Computer Science and Engineering
Joseph Pasquale is a professor of computer science and holder of the J. Robert Beyster Chair in Engineering at the University of California, San Diego (UCSD), where he has been on the faculty since 1987. He received his Ph.D. in Computer Science from UC Berkeley, and S.B. and S.M. degrees from MIT. He has published over 120 refereed articles and technical reports in the areas of operating systems and networks, with several award papers. During 1991-94, Pasquale led a team of researchers to architect and build the Sequoia 2000 Network, a wide-area high-speed multimedia network connecting five University of California campuses. He also led the CSE Department's UCSD ActiveWeb project in 1998-2005, and the FWGrid project in 2008-2011, both large-scale NSF-funded projects investigating cloud computing architectures. Pasquale is a recipient of UCSD Chancellor's Associates Faculty Excellence Award in Undergraduate Teaching, the UCSD Academic Senate Distinguished Teaching Award, Faculty Awards from IBM, NCR, and TRW, and the NSF Presidential Young Investigator Award. He was a member of the select IDA/DARPA Defense Science Study Group, and has served on numerous ACM and IEEE technical program conference committees, including those for SIGCOMM, SIGMETRICS, ICDCS, INFOCOM, Multimedia, NOSSDAV, CSCW, and ISADS.
Pasquale's research interests are in operating systems, distributed systems and networks, focusing on performance and reliability of Internet-scale systems with highly decentralized control. His work has spanned topics in mobile/wireless systems, Internet/web computing, cloud computing, peer-to-peer systems, thin-client computing, I/O system software and network-based I/O, long-running replicated systems, extended client/server structures, mobile agents, packet scheduling for network QoS, OS/network support for multimedia (audio and video), TCP/IP performance, file system I/O performance, multicast routing, OS kernel structure, and process scheduling. He teaches courses primarily on operating systems at both the undergraduate and graduate levels, as well as freshman seminars on far-ranging topics such as gambling theory and the slide rule. In recent years, he has been actively involved in the designs of a math and engineering-oriented study-abroad program in Rome for undergraduates, and an outreach program to interest high school students in computer science.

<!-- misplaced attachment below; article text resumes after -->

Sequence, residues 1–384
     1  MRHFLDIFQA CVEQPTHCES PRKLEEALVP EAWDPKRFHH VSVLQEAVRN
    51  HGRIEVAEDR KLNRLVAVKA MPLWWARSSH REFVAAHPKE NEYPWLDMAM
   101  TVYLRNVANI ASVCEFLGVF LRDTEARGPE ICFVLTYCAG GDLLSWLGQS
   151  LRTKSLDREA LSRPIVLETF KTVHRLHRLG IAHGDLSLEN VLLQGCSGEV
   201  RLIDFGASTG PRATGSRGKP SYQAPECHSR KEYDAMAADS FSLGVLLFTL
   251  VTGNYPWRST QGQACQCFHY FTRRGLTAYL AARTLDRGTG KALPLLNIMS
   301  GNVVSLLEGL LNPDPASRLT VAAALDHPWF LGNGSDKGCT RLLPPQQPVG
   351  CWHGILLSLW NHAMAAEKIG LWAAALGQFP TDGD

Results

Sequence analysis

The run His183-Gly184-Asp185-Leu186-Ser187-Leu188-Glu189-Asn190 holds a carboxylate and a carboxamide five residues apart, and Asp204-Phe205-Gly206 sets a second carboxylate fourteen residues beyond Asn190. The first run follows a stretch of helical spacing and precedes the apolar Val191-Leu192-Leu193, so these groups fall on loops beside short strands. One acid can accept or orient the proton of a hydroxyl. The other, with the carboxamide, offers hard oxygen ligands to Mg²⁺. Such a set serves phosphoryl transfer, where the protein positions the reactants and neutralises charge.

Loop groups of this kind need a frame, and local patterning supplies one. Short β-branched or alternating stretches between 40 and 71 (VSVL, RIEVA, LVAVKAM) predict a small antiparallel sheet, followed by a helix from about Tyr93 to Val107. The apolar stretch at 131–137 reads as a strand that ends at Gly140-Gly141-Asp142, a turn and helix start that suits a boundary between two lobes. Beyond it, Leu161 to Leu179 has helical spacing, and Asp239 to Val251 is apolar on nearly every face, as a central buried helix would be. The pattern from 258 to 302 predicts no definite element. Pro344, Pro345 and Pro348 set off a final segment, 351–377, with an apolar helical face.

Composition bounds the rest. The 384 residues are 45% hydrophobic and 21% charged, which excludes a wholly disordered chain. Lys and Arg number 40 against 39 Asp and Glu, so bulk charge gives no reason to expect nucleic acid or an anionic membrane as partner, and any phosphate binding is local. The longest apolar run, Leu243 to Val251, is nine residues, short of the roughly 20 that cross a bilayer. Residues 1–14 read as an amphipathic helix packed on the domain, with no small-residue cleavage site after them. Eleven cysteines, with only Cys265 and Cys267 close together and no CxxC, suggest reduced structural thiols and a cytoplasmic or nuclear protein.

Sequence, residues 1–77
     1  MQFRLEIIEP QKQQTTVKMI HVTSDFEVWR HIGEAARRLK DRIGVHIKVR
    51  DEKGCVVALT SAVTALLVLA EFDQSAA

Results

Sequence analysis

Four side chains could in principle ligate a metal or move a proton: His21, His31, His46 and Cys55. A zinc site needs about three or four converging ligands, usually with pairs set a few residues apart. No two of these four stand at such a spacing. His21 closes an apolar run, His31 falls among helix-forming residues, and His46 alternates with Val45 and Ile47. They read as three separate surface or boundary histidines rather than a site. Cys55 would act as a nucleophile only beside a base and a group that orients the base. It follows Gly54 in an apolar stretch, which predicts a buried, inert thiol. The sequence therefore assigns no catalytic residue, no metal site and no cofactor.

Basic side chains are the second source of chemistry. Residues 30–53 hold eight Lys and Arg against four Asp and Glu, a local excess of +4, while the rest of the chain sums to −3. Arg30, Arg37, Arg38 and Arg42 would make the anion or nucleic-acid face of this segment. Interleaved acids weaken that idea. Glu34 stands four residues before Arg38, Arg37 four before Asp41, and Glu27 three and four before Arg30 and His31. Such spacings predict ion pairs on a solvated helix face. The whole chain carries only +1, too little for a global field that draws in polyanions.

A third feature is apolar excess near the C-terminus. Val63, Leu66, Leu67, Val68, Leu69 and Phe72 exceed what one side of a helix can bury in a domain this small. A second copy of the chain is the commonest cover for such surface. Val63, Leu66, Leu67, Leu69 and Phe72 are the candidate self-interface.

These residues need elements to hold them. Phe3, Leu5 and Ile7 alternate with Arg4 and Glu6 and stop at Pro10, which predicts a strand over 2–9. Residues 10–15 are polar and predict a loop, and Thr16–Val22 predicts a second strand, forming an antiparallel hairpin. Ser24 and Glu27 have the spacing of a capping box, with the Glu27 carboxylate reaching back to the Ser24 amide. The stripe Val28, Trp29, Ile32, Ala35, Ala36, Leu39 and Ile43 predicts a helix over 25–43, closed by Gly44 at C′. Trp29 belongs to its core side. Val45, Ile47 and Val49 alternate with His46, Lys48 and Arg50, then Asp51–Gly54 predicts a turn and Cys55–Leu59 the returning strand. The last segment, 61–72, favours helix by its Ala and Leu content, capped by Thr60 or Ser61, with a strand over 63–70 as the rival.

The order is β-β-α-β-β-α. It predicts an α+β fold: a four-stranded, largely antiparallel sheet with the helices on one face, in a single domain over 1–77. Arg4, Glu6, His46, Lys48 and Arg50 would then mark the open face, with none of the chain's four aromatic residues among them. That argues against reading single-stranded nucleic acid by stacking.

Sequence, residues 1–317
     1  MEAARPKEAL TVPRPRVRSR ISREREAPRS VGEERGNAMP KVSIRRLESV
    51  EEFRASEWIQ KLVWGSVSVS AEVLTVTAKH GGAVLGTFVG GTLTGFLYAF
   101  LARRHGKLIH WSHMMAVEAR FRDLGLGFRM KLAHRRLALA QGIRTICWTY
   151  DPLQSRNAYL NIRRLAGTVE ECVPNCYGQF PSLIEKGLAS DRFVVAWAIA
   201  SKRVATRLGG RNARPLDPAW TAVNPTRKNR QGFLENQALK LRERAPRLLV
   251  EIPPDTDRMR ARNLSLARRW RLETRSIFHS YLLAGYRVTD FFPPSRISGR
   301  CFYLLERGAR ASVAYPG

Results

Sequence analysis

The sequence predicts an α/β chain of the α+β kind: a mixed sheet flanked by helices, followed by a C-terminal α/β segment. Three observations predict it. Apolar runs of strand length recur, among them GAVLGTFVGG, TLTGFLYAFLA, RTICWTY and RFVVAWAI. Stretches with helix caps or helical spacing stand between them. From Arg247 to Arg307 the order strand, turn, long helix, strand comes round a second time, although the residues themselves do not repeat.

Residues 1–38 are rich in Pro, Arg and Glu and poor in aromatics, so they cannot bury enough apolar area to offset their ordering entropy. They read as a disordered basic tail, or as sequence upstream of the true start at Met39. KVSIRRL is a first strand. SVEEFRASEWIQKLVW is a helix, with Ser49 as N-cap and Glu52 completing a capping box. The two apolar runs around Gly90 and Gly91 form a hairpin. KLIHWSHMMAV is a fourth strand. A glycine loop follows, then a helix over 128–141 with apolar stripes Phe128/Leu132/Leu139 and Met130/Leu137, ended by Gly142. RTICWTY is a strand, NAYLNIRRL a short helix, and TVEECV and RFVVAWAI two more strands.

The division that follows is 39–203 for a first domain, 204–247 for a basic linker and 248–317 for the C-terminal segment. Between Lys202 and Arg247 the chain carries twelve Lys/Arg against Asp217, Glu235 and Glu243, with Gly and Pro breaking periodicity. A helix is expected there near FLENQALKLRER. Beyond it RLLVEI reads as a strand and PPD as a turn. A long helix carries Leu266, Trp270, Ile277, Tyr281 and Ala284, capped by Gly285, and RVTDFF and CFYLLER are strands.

jpasquale [at] ucsd.edu